Helping out with ‘Awesometown’

Student Joel Yoon, left, speaks to volunteers at a pop-up shop that was used to help those with low income and the homeless. Yoon is currently working on a project called “Awesometown,” which is a short documentary series focused on homeless individuals.

When high school senior Joel Yoon first heard of a controversial Santa Clarita city law that had been amended to prevent the homeless from “living” in public places, he got worried.

Yoon thought the municipal code, which gave city officials the right to address any encampment or dwelling and kick people off sidewalks, was unfair. And he wanted to do something about it.

“I felt I had a cherished, inescapable responsibility to fight for these people,” he said.

And Yoon is doing exactly that. He is creating a project called, “Awesometown,” which will be a short documentary series depicting the day-to-day lives and histories of people living on the streets of Santa Clarita.

Through collaborations with local organizations such as Bridge to Home and Newhall Savia Church, Yoon has documented multiple stories from the field. From single mothers losing their kids to drug violence, to individuals who are unemployed despite speaking over 10 languages, he has met people with differing accounts and emotions about their predicament.

Most were victims of unfortunate circumstances, but a few were against Yoon’s project because they had in some form chosen to remain homeless.

“There was actually one homeless lady that said some of these people like not having responsibility,” Yoon said. “She doesn’t want that accountability. The biggest thing she says is giving homeless people (aid) is a short-term fix, but at the same time, people won’t learn how to take care of themselves with this system if you don’t teach them skills. It’s like giving them fish but no fishing pole.”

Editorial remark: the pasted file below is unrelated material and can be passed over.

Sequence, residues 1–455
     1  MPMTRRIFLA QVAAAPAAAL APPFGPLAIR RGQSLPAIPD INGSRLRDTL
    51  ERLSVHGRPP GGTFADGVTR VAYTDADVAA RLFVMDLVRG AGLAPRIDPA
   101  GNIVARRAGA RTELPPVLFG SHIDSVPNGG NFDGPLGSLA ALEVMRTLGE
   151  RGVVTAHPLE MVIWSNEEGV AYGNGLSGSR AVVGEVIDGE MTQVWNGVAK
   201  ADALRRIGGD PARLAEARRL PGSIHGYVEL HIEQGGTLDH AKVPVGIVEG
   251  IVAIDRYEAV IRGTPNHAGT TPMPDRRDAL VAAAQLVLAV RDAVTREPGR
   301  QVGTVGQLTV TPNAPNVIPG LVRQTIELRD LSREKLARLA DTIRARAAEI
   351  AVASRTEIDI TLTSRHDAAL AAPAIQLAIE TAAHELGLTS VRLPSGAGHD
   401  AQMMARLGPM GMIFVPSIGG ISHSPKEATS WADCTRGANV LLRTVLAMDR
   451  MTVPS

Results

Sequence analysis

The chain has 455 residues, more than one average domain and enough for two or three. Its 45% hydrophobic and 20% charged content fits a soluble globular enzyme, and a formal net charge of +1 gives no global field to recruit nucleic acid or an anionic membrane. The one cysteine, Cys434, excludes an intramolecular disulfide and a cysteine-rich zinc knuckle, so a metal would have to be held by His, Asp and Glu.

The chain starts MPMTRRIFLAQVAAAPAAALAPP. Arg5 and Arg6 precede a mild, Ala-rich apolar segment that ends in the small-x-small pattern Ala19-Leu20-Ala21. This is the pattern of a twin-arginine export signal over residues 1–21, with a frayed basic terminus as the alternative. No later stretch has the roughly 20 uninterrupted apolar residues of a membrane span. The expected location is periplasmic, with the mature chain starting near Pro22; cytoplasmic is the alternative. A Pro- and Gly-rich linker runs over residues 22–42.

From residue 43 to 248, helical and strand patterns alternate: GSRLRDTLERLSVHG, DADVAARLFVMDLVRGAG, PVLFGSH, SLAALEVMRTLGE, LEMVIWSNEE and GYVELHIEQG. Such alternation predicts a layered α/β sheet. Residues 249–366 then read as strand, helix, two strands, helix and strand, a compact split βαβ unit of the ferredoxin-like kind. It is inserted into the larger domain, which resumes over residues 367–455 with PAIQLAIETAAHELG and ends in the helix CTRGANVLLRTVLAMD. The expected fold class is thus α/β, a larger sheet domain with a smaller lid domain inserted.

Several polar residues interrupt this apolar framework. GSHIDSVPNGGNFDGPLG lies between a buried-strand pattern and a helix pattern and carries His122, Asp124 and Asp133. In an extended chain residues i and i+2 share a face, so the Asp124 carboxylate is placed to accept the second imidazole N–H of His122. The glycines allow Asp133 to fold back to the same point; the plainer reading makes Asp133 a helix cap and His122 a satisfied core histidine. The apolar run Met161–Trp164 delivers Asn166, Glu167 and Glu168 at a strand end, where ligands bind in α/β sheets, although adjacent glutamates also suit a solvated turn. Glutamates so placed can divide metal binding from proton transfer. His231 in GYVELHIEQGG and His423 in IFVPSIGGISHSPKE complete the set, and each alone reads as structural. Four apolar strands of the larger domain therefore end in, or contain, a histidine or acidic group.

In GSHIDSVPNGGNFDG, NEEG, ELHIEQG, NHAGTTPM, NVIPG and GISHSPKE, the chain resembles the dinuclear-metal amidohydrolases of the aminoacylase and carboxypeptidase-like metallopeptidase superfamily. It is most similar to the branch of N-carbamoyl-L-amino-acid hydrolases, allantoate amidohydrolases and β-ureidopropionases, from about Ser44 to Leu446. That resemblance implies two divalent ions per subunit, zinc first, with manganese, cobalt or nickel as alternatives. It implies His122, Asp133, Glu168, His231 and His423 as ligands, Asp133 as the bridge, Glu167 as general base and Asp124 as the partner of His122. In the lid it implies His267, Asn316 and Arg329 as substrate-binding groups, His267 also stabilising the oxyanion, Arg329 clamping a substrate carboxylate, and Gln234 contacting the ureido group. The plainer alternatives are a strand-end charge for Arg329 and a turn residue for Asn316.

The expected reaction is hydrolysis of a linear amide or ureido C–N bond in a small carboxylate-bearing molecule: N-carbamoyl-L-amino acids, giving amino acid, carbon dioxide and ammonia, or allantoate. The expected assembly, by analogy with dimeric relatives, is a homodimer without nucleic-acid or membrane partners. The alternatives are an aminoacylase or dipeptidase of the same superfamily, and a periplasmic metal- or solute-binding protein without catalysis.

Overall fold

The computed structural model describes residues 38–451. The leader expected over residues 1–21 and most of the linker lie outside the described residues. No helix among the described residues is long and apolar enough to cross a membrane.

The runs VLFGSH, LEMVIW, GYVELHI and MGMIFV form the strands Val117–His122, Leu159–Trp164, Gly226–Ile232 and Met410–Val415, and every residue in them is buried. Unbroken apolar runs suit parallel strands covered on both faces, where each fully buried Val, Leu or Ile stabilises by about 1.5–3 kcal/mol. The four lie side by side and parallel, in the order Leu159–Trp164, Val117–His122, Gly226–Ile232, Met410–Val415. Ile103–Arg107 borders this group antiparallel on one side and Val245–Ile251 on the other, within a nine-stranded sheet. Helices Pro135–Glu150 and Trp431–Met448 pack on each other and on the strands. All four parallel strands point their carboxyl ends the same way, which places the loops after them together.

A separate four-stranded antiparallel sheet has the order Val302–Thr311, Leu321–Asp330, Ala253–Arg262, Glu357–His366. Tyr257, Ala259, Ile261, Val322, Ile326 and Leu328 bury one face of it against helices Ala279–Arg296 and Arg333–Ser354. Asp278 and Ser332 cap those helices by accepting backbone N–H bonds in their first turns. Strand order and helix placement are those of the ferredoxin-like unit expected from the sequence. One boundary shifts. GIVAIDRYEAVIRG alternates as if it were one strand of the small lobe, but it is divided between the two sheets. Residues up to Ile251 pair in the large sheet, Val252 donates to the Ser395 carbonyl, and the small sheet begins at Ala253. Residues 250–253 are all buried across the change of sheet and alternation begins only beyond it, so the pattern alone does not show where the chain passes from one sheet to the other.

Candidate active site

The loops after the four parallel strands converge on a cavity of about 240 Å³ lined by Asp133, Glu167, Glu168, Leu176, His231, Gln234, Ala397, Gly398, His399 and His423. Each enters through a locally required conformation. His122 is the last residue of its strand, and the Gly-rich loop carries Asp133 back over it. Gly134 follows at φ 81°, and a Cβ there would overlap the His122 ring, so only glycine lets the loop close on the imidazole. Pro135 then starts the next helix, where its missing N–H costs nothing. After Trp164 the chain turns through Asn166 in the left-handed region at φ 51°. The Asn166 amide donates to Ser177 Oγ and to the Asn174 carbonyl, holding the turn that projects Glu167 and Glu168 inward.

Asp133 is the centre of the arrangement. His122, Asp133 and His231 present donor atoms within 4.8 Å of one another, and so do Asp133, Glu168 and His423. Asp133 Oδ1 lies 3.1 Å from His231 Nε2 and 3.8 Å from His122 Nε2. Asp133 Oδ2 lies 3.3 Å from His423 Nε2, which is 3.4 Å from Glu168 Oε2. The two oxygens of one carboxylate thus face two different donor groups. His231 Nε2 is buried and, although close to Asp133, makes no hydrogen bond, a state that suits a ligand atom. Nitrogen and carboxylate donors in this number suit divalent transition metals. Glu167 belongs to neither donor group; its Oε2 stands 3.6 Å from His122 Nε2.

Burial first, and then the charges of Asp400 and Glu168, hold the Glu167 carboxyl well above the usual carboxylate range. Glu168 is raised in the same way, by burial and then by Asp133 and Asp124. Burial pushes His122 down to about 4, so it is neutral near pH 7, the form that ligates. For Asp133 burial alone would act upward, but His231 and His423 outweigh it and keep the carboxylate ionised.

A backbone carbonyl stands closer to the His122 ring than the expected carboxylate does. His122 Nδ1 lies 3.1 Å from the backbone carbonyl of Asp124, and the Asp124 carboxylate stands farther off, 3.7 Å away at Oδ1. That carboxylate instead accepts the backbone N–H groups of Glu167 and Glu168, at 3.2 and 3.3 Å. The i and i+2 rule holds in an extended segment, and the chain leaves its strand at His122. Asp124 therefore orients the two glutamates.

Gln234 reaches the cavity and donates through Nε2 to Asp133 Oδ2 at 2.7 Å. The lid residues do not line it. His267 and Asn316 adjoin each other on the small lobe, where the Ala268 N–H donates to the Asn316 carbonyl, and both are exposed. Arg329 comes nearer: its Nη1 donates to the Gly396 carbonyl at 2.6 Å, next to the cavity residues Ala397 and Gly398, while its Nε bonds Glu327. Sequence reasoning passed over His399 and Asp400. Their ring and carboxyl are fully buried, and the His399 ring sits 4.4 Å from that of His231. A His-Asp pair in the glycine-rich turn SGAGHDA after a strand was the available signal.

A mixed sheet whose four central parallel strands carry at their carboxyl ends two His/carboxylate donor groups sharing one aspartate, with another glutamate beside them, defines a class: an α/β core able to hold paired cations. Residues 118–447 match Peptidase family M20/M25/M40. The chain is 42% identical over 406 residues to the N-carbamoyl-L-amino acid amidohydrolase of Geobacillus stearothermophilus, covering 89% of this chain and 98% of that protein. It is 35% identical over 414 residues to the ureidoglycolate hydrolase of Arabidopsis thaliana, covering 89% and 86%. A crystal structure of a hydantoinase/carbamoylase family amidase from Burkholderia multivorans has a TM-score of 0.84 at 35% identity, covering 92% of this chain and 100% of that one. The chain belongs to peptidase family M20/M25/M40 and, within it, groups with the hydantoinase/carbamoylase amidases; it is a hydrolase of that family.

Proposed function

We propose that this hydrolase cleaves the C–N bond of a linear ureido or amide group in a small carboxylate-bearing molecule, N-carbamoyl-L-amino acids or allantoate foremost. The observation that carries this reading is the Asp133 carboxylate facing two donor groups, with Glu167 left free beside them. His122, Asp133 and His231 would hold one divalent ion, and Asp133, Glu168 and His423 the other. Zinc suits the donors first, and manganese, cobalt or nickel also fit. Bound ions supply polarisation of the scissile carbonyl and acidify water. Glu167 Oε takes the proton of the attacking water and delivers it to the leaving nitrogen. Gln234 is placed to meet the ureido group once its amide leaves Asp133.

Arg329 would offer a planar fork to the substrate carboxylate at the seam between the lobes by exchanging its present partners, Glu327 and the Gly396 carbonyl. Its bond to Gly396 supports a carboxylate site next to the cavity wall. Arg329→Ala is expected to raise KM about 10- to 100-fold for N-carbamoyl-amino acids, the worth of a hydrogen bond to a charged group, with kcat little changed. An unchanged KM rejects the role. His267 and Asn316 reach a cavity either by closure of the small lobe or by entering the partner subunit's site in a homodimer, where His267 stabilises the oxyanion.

In the six months since he began the project, Yoon has been able to connect with people at the Bridge to Home homeless shelter and through various events. He plans the series to be multiple eight- to 10-minute episodes focusing on one individual per installment. The series is planned for distribution to the William S. Hart Union High School District schools, and he is also trying to coordinate with local news stations.

The intent of the project is to take back the name, “Awesometown,” which has become an iconic — and ironic — Santa Clarita nickname, he said of the word, which was created nearly a decade ago as part of a marketing campaign for new master-planned housing communities in Valencia.

“We call ourselves ‘Awesometown,’ and growing up here, I definitely used to think this place was perfect and had absolutely nothing wrong with it,” he said. “And it does have some great qualities. But I want to destroy any mindset of, ‘I’m better than you,’ that exists here. And I want to speak out against the city passing laws that keep the illusion of us being ‘Awesometown,’ but are actually irresponsible and don’t fit what makes a town actually awesome.”

Yoon hopes the documentary series’ legacy in highlighting the homeless in Santa Clarita will outlive his time in the valley when he graduates from West Ranch High School this spring, he said.

Yoon and his classmates also created a pop-up shop called “Oasis” for the homeless headquartered at Global Prep Academy at the end of December. Although it only ran for a weekend, the shop echoed Yoon’s drive to make sure people are aware of the issues first and foremost. And he plans on keeping that alive with others to pass it on to.

“I don’t think the tradeoff to making Santa Clarita an awesome place to live is equal,” he said. “It comes at a cost. Lots of the people in the series have lived their whole lives in Santa Clarita, and felt the city turned their backs on them as soon as they lost their livelihoods. So we all want to keep combating and destroying that unique stigma we have here against the homeless.”

The “Awesometown” project is scheduled to premiere online at in the upcoming weeks.

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